Figure 6 shows a complete listing of the washing machine example. This is a typical Forth block of source code. Comments are in parentheses. In this example, lines 1 - 3 define named constants, with hex values representing hardware port addresses. Lines 5 - 15 define, in sequence, the application words that perform the work.

The code in this example is nearly self-documenting; the few comments show the parameters being passed to certain words. Forth allows as many comments as desired, with no penalty in object code size or performance.

When reading,


it is obvious what RINSE does. To determine how it does it, you read:


When you wonder how FILL works, you find:


Reading further, one finds that FAUCETS is simply a constant which returns the address of the port that controls the faucet, while ON is a simple word that turns on the bits at that address.

Even from this simple example, it may be clear that Forth is not so much a language, as a tool for building application-oriented command sets. The definition of WASHER is based not on low-level Forth words, but on washing-machine words like SPIN and RINSE.

Because Forth is extensible, Forth programmers write collections of words that apply to the problem at hand. The power of Forth, which is simple and universal to begin with, grows rapidly as words are defined in terms of previously defined words. Each successive, newer word becomes more powerful and more specific. The final program becomes as readable as you wish to make it.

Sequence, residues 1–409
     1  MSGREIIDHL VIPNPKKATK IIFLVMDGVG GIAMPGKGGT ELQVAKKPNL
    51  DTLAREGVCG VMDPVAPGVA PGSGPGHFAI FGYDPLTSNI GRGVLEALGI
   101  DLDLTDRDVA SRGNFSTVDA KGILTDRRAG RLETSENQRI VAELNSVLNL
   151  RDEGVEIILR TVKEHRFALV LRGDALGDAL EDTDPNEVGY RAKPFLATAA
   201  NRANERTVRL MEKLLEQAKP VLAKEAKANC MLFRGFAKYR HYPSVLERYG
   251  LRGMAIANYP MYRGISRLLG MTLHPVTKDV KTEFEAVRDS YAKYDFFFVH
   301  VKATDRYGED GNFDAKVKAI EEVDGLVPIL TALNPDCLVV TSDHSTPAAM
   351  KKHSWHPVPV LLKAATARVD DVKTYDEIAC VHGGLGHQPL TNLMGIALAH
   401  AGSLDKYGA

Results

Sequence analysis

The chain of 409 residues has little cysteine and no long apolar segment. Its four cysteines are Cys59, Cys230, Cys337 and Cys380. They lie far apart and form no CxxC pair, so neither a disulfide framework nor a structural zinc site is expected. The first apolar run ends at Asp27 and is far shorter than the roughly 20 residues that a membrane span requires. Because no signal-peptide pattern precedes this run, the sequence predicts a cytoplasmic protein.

When developing this program, you would follow your top-down logic, as described above. But when the time comes to test it, you see the real convenience of Forth's interactivity.

If your hardware is available, your first step would be to see if it works. Even without the code in Figure 6, you could read and write the hardware registers by typing phrases such as:

HEX 7010 INPUT .

This would read the water-level register at 7010H and display its value. And you could type:

-1 7002 OUTPUT 0 7002 OUTPUT

to see if the valve opens and closes.

If the hardware is unavailable, you might temporarily re-define the words MOTOR, etc., as variables you can read and write, and so test the rest of the logic.

You can load your block of source (as described in Section 3.3.3), whereupon all its definitions are available for testing. You can further exercise your I/O by typing phrases such as:


to see what happens. Then you can exercise your low-level words, such as:


and so on, until your highest-level words are tested.

As you work, you can use any of the additional programmer aids described in Section 2.1.5. You can also easily change your code and re-load it. But your main ally is the intrinsically interactive nature of Forth itself.

 References  Disk and block layout and design, Sections 3.3, 5.1
   Stack notation conventions, Section 2.1, Table 11, and Section A.3
   Number base, Sections 1.1.6, 2.4
   Numeric output (the word .), Section 2.4.1
   Programmer conveniences, Section 2.1.5